Congressional success for Bush’s energy plan, but defeat over drinking water standards
Congress has backed two controversial elements of President Bush’s energy plan, to allow drilling in the Arctic National Wildlife Refuge and not to subject petrol-guzzling Sports Utility Vehicles (SUVs) to greater fuel efficiency, but has rejected a proposed relaxing of strict standards on arsenic in drinking water.
However, the victory of the passage of two key parts of Bush’s much-criticised energy plan (see related story) through the House of Representatives, does not ensure their application, as the proposals now move to the Democrat-controlled Senate, probably in September.
In the early hours of 2 August, the House passed the proposal to open “a small part of the Arctic National Wildlife Refuge to oil and gas leasing and production in an environmentally responsible manner” (see related story) by 240 to 189. Energy Secretary Spencer Abraham referred to the passage of the bill as “a tremendous victory for America, for the economy and for the environment”, the latter referring to funds from expected lease revenues being directed to a conservation and a renewable energy fund. The US Government estimates that the refuge could produce up to 600,000 barrels of oil a day, as much as the US now buys from Iraq, and will help to ensure that the nation will be less dependent on “unfriendly foreign powers”. The US currently imports about 56% of its petroleum.
The refuge, which provoked comments from Alaska Republican Don Young as an area which “was supposed to be drilled, [and] explored for the American people” and from Florida Republican Cliff Stearns as “a frozen desert with few signs of life” will, however be vigorously defended in the Senate, some have promised. Senator John Kerry of Massachusetts and Senator Joseph Lieberman said they would “filibuster any effort to drill in the refuge” and vowed that the measure “will never pass the Senate”.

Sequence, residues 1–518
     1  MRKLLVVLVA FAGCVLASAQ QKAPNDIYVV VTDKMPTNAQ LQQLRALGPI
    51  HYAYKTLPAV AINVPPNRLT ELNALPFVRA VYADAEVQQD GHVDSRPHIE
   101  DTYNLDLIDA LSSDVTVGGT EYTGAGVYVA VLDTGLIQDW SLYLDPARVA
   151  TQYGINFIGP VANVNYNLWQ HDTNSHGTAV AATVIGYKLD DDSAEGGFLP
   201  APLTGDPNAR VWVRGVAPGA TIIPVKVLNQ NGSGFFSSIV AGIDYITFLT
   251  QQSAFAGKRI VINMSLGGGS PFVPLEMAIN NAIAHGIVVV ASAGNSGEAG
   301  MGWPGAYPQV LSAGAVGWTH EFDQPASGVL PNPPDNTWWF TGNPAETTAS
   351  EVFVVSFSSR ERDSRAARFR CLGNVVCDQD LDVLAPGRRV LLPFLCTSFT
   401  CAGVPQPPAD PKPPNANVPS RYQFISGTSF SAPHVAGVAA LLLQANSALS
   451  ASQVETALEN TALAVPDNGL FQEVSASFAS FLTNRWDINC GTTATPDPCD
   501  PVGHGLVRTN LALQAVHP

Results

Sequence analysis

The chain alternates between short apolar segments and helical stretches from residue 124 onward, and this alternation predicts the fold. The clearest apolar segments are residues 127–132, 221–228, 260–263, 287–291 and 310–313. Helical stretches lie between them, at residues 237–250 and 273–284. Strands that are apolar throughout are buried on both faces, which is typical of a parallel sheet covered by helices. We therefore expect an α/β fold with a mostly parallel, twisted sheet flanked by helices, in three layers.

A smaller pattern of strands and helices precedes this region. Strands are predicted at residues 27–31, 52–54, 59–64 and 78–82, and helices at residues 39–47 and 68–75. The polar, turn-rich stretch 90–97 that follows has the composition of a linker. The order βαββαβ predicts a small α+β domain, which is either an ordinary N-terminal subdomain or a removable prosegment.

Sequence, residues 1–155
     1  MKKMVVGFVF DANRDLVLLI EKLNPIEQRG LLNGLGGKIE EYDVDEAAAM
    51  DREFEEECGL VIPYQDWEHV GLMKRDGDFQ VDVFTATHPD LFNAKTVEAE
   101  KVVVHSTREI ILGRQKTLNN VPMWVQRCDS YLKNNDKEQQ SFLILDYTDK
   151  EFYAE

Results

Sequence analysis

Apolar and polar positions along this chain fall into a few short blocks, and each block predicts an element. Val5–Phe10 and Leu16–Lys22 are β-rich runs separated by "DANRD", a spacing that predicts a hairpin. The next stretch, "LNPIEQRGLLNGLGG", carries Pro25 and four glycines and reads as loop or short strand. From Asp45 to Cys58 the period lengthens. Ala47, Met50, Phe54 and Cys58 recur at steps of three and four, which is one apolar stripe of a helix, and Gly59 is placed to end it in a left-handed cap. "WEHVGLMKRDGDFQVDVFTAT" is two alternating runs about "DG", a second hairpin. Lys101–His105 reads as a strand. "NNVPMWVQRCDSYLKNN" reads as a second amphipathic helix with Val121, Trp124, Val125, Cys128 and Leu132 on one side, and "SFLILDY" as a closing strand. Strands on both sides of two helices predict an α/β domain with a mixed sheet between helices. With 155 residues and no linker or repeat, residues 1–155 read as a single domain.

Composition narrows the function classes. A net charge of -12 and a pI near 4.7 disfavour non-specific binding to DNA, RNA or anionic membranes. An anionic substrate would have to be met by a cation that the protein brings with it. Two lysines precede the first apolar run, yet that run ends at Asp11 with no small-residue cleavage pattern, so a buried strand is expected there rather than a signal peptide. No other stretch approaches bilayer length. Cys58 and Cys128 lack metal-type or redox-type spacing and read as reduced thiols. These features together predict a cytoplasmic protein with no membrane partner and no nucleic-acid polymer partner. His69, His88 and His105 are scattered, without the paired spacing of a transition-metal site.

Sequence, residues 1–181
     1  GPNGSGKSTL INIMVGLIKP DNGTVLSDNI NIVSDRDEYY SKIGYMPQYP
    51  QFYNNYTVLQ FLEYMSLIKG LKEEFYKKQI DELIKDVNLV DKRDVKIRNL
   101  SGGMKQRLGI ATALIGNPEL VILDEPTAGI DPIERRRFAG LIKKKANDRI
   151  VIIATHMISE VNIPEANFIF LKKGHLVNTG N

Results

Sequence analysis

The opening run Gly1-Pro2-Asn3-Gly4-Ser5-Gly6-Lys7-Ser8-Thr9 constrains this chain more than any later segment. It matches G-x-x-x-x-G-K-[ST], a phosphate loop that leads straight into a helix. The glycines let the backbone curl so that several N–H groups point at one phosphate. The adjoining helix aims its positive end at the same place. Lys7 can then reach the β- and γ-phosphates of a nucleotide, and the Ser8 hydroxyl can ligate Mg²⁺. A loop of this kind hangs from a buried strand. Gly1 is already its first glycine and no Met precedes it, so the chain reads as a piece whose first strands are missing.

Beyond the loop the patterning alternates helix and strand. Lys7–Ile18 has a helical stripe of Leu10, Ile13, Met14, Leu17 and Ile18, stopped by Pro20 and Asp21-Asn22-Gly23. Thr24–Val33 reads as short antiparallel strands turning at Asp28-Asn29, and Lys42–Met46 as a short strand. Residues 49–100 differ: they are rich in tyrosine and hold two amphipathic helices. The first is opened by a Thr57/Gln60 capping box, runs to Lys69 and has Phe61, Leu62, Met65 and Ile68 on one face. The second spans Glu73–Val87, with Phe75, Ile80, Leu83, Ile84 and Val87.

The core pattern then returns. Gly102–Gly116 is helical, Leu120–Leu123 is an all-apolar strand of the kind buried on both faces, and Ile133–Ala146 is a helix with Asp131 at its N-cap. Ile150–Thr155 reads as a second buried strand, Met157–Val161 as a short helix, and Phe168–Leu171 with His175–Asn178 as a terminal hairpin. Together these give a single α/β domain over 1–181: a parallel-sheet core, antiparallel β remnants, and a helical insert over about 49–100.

In a further blow to environmentalists the House rejected an amendment that would have forced Detroit to improve the fuel efficiency of SUVs, minivans and light trucks from the current 20.7 miles per gallon (mpg) to 27.5 mpg by 2007 by a wide margin. Instead, Congressmen voted to reduce the vehicles petrol use by only five billion gallons between 2004 and 2010, which Democrats and environmentalists claim would increase the fuel efficiency of light trucks by less than one mile per gallon.
The Republican Deputy Sherwood Boehlert, who sponsored the provision to increase fuel efficiency, said that raising current mileage standards would save more oil than could be drilled in the Arctic National Wildlife Refuge. “There’s just no persuasive argument against raising (fuel) standards. It’s the simplest, most basic conservation step available to us,” he said. However, those voting against the proposal said that higher fuel requirements would force manufacturers to build lighter, unsafe vehicles.
Earlier in the week, however, 19 Republicans joined forces with 199 Democrats to defeat their president 218 to 189 over his planned reversal (see related story) of the pending stricter arsenic standard for drinking water introduced in the Clinton Administration’s final days (see related story).
The White House criticised the vote, saying it would undermine a review now under way, while Republican Doug Bereuter attacked criticism of the suspended standard as “heated rhetoric, wild exaggerations and sound-bite politics”. However, the proponent of the measure, Democrat David E. Bonior, said Clinton’s bill would “establish a higher standard for America’s drinking water, giving American families both peace of mind and healthier lives”.
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